That's awesome. And I know it's a, I know, you work that job during the day, and then you're up all night reading about everything on the energy side. So for those that don't know, and most of you don't know, Keith, on the second Model S that was delivered in Canada, he really bugs in that he didn't get the first one, but he wasn't number one slotted for the delivery. So you got the second. But he studies all this stuff like crazy. So I thought it'd be a great conversation, maybe you can tell us where we are today compared to when you bought your first one. And where's this whole thing going? Everybody's sort of saying it's, you know, Tesla is way overvalued. It's going up, up, up and away. A lot of people are we disbelievers in it, but you're a big believer in the whole system and where it is today and where it's going.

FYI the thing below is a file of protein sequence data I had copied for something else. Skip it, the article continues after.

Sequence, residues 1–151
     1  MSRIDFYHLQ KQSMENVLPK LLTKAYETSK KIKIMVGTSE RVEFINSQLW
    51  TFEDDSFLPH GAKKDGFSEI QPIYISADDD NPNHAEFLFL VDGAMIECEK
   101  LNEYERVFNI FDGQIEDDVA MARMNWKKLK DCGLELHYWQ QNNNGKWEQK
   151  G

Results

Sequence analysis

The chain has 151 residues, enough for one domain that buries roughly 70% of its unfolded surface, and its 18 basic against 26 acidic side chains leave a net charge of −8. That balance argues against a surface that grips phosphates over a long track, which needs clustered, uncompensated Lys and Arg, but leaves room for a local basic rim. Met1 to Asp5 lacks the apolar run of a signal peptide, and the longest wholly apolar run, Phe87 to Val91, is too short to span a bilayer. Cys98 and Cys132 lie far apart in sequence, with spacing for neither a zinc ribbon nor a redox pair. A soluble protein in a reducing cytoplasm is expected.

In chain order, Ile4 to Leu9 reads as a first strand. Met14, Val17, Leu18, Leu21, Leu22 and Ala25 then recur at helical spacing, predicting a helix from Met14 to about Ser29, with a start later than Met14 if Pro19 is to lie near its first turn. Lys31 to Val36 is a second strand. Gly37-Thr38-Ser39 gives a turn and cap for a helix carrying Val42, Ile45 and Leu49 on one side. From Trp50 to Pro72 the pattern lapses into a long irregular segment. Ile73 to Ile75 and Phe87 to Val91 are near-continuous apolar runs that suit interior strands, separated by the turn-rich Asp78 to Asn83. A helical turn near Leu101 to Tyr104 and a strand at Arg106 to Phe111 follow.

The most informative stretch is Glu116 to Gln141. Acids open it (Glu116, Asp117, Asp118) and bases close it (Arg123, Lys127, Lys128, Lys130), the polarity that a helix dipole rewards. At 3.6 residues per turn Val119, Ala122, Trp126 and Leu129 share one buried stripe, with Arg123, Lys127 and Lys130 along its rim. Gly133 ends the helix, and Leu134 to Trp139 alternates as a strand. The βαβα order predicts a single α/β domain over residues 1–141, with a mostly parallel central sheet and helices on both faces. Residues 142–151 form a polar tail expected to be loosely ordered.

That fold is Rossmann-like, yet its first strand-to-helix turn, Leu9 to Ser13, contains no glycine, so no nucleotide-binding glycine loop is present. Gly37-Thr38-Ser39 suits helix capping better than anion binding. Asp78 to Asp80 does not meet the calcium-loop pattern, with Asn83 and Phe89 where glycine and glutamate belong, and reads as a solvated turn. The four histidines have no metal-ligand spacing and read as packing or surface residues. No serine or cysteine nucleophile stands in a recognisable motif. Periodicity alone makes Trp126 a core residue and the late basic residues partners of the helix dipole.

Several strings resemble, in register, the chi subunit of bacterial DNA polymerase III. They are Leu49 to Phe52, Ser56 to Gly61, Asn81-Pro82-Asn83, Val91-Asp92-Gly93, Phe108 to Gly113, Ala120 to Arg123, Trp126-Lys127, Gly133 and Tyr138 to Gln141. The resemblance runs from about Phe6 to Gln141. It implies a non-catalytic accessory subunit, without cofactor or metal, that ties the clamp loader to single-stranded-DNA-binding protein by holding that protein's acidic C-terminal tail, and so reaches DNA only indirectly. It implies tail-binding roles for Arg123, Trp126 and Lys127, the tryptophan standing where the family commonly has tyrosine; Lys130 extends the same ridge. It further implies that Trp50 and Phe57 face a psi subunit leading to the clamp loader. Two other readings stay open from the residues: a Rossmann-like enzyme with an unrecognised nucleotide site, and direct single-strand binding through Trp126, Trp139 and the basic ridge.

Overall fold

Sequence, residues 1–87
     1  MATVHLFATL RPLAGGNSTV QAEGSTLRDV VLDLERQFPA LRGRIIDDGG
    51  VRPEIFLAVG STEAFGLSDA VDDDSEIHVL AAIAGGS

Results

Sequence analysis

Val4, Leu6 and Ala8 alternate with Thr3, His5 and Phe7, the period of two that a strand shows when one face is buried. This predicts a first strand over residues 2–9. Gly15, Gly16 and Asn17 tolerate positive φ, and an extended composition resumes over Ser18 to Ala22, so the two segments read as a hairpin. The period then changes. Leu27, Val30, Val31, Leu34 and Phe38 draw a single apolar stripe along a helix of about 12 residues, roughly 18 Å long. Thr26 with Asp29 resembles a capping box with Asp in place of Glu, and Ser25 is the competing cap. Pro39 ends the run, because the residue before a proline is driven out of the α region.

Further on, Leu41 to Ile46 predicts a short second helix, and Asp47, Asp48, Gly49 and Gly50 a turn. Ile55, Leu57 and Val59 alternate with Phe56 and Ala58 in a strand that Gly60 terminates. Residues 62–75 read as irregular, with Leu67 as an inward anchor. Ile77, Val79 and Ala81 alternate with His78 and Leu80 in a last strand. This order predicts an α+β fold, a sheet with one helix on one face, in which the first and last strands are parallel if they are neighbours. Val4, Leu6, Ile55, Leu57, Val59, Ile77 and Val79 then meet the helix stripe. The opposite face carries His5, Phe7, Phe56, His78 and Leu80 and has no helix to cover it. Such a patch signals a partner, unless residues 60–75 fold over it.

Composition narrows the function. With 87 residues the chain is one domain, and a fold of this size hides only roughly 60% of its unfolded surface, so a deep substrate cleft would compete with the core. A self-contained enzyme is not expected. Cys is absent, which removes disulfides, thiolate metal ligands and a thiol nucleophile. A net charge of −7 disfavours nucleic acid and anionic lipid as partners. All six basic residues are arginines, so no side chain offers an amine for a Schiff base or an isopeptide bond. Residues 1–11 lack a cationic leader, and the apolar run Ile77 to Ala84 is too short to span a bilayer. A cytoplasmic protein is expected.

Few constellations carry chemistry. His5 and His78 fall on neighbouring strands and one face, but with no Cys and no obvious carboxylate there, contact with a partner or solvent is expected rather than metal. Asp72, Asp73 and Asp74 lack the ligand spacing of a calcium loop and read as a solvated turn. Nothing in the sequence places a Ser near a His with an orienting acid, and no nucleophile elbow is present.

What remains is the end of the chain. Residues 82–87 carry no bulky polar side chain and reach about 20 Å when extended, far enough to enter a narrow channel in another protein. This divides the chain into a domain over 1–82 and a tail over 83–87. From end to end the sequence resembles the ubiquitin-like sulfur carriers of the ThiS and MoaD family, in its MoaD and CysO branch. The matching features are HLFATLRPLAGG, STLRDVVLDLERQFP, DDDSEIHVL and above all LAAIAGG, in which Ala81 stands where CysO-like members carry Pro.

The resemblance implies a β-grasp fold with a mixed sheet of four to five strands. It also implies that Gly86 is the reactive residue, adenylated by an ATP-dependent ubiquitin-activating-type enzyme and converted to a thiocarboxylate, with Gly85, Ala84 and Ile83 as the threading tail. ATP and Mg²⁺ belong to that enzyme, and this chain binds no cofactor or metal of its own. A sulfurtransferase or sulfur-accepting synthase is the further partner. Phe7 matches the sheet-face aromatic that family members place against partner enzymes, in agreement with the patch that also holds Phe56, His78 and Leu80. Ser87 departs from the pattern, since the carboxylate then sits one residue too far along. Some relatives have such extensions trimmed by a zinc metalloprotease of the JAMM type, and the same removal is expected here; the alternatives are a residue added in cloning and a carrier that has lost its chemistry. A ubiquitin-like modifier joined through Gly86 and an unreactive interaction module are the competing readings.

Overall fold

Unknown: